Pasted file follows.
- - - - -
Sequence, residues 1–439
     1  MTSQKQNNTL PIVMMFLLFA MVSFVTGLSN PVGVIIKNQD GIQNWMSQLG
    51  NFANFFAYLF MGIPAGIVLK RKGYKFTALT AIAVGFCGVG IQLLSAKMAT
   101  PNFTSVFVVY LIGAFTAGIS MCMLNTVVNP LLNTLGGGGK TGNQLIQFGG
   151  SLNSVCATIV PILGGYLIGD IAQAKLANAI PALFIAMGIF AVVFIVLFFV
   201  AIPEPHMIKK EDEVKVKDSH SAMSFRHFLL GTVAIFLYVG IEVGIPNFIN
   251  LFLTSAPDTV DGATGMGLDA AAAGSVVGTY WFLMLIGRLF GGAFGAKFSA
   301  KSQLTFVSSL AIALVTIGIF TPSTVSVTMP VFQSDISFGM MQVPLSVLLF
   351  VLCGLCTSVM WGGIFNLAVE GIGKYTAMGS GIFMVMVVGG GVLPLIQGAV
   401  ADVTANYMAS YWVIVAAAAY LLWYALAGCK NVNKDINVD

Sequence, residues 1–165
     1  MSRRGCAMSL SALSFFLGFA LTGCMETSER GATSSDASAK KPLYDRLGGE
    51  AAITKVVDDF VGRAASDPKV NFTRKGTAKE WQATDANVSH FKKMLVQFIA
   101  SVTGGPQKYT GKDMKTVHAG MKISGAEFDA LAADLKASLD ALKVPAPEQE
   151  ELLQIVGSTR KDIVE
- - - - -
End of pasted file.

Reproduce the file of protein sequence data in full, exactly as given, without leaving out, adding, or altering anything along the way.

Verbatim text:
Sequence, residues 1–439
     1  MTSQKQNNTL PIVMMFLLFA MVSFVTGLSN PVGVIIKNQD GIQNWMSQLG
    51  NFANFFAYLF MGIPAGIVLK RKGYKFTALT AIAVGFCGVG IQLLSAKMAT
   101  PNFTSVFVVY LIGAFTAGIS MCMLNTVVNP LLNTLGGGGK TGNQLIQFGG
   151  SLNSVCATIV PILGGYLIGD IAQAKLANAI PALFIAMGIF AVVFIVLFFV
   201  AIPEPHMIKK EDEVKVKDSH SAMSFRHFLL GTVAIFLYVG IEVGIPNFIN
   251  LFLTSAPDTV DGATGMGLDA AAAGSVVGTY WFLMLIGRLF GGAFGAKFSA
   301  KSQLTFVSSL AIALVTIGIF TPSTVSVTMP VFQSDISFGM MQVPLSVLLF
   351  VLCGLCTSVM WGGIFNLAVE GIGKYTAMGS GIFMVMVVGG GVLPLIQGAV
   401  ADVTANYMAS YWVIVAAAAY LLWYALAGCK NVNKDINVD

Sequence, residues 1–165
     1  MSRRGCAMSL SALSFFLGFA LTGCMETSER GATSSDASAK KPLYDRLGGE
    51  AAITKVVDDF VGRAASDPKV NFTRKGTAKE WQATDANVSH FKKMLVQFIA
   101  SVTGGPQKYT GKDMKTVHAG MKISGAEFDA LAADLKASLD ALKVPAPEQE
   151  ELLQIVGSTR KDIVE